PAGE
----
I remember getting tiny little animals that I loved to play with, and most often they were tiny little horses with cowboys and Indians to ride them and sometimes there was candy in the toe, and a barrette for my long honey-blonde braids.

And the good thing was, that as I grew, the socks grew, and the presents became bigger!

How exciting it was to ‘graduate’ from not-so-stretchy little Buster Brown cotton socks to extra stretchy (and longer) bobby socks!  Much more room for goodies!

My children used to ‘cheat’…

I continued the hanging of the Stocking’s with my children, though they were allowed to ‘cheat’ and particularly the youngest more often than not scoured the house giggling and laughing, comparing one sock to another while she hunted for the largest stretchiest stocking available, most often her Dad’s calf high athletic sock.

A good thing, that, as they sometimes found their favorite music CD all tucked in with other goodies from Santa.

Advent Calendar Challenge – Gifts

by Sherry Stocking Kline
December 10, 2009

Thanks to Thomas MacEntee for today’s Christmas Advent Calendar Challenge!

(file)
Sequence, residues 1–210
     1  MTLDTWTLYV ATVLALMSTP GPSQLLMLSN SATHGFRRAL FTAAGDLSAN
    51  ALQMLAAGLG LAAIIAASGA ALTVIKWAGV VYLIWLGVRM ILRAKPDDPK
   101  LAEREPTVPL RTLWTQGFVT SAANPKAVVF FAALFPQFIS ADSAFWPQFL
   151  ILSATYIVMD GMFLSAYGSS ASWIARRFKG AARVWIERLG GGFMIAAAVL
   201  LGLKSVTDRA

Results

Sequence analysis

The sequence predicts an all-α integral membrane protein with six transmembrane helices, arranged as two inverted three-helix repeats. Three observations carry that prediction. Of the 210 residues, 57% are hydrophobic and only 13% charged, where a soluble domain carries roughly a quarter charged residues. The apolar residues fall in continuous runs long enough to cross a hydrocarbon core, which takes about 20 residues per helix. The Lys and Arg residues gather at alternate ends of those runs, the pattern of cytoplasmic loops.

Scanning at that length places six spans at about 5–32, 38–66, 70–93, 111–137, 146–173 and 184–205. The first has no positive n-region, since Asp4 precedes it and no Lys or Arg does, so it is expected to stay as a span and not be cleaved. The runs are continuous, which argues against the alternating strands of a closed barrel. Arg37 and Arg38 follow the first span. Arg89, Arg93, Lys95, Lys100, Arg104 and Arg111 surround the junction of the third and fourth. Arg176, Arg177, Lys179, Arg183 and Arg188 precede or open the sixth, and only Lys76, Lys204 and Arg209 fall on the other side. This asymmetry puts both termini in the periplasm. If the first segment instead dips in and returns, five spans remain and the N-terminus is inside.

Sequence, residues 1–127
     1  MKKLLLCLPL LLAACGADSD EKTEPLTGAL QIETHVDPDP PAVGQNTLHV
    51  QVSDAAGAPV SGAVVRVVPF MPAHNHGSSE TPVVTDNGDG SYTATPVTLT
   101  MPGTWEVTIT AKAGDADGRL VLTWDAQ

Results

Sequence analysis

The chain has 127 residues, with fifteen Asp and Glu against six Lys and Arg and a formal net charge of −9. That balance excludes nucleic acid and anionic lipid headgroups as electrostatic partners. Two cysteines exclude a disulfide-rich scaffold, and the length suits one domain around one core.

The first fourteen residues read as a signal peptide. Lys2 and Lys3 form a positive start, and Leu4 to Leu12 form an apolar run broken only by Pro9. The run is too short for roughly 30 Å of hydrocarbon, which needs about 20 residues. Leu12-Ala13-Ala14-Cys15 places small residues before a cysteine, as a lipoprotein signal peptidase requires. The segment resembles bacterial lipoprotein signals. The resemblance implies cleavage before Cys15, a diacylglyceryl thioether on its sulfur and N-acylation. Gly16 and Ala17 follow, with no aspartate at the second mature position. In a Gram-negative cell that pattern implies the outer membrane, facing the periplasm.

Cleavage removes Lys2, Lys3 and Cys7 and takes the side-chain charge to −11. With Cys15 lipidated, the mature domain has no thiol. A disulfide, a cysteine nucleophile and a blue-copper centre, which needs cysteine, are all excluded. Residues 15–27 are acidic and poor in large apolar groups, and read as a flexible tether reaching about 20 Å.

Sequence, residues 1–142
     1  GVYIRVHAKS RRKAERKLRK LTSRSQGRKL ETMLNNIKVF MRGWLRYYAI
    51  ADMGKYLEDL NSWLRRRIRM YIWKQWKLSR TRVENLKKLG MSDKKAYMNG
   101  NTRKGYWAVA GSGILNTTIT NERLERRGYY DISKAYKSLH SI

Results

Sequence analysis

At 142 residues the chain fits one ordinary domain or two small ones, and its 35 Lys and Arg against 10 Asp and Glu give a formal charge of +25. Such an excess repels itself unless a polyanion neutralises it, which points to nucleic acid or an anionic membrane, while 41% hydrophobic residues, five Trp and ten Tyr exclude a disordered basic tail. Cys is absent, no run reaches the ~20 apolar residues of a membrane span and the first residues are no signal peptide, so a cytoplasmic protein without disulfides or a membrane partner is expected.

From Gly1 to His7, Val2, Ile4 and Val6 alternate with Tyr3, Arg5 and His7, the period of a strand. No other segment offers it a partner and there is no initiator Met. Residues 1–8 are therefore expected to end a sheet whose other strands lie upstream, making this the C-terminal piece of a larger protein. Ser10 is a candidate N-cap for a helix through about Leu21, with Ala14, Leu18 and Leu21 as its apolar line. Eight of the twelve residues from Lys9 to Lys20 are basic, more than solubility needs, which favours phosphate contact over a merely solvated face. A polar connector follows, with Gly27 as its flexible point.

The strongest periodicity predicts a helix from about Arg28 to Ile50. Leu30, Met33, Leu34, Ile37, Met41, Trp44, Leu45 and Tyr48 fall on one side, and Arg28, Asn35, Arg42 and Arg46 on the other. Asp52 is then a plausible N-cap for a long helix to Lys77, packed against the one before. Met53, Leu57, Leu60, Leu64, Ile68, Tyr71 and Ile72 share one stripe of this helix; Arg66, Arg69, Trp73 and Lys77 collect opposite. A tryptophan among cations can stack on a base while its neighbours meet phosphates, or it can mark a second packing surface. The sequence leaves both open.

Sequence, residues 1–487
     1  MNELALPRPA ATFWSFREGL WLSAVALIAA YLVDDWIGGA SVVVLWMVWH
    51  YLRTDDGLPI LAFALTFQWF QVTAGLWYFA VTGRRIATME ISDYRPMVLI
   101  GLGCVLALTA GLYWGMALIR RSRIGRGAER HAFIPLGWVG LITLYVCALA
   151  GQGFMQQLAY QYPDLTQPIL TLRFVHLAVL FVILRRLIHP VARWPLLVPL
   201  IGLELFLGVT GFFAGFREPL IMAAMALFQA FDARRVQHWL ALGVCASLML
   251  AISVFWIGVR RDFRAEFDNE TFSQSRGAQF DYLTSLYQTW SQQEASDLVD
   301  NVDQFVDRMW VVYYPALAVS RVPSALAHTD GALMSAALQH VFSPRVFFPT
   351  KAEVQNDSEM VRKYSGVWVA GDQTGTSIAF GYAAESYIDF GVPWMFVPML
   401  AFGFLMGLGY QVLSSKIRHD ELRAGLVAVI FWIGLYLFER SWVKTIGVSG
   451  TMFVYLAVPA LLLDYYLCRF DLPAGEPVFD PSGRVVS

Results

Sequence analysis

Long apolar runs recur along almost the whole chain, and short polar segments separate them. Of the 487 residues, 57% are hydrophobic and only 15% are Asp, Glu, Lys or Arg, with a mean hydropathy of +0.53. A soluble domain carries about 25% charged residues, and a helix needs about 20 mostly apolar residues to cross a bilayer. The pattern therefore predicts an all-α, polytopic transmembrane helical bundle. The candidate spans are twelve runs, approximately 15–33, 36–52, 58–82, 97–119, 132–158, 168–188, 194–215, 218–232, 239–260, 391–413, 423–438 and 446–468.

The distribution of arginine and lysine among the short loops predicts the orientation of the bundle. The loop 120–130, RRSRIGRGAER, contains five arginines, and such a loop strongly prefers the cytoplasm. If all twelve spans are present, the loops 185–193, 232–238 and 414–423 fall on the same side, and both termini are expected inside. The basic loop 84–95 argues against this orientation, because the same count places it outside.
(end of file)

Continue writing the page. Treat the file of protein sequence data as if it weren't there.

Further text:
Gifts

What were your favorite gifts, both to receive and to give? Are there specific gift-giving traditions among your family or ancestors?

Today’s prompt is a tie-in with the Smile for the Camera carnival at Shades of the Departed.

What were my favorite gifts?  To receive or to give? Hmmm…

There are several empty places in my family’s circle now, so my Christmas memories are tinged with sorrow as well as joy because I miss those people very much, but there were several gifts that were fun to give, and I remember some I received that gave my little heart joy!

Stick Horses and Cowboy Outfits!

After my nephews came along, most Christmases my folks bought us all something quite similar, and one Christmas when we were all little stair steps, me about seven, and them five and two, we were given the stick horses with the plastic heads and the cowboy and cowgirl outfits to go along with it!

Because we watched Roy Rogers, Gene Autry, HopAlong Cassidy, The Lone Ranger and Tonto, and the Cisco Kid on tv every week we were well-versed in the bang-bang-shoot-em-up outdoor play that included galloping all over our pasture on stick horses to  shoot the bad guys. Of course, we were the white-hatted heroes! My youngest nephew, not quite old enough to keep up, insisted on riding his  ‘horse’ head down, so his mighty steed’s head got drug all over the pasture!

The most difficult Christmas present I ever bought…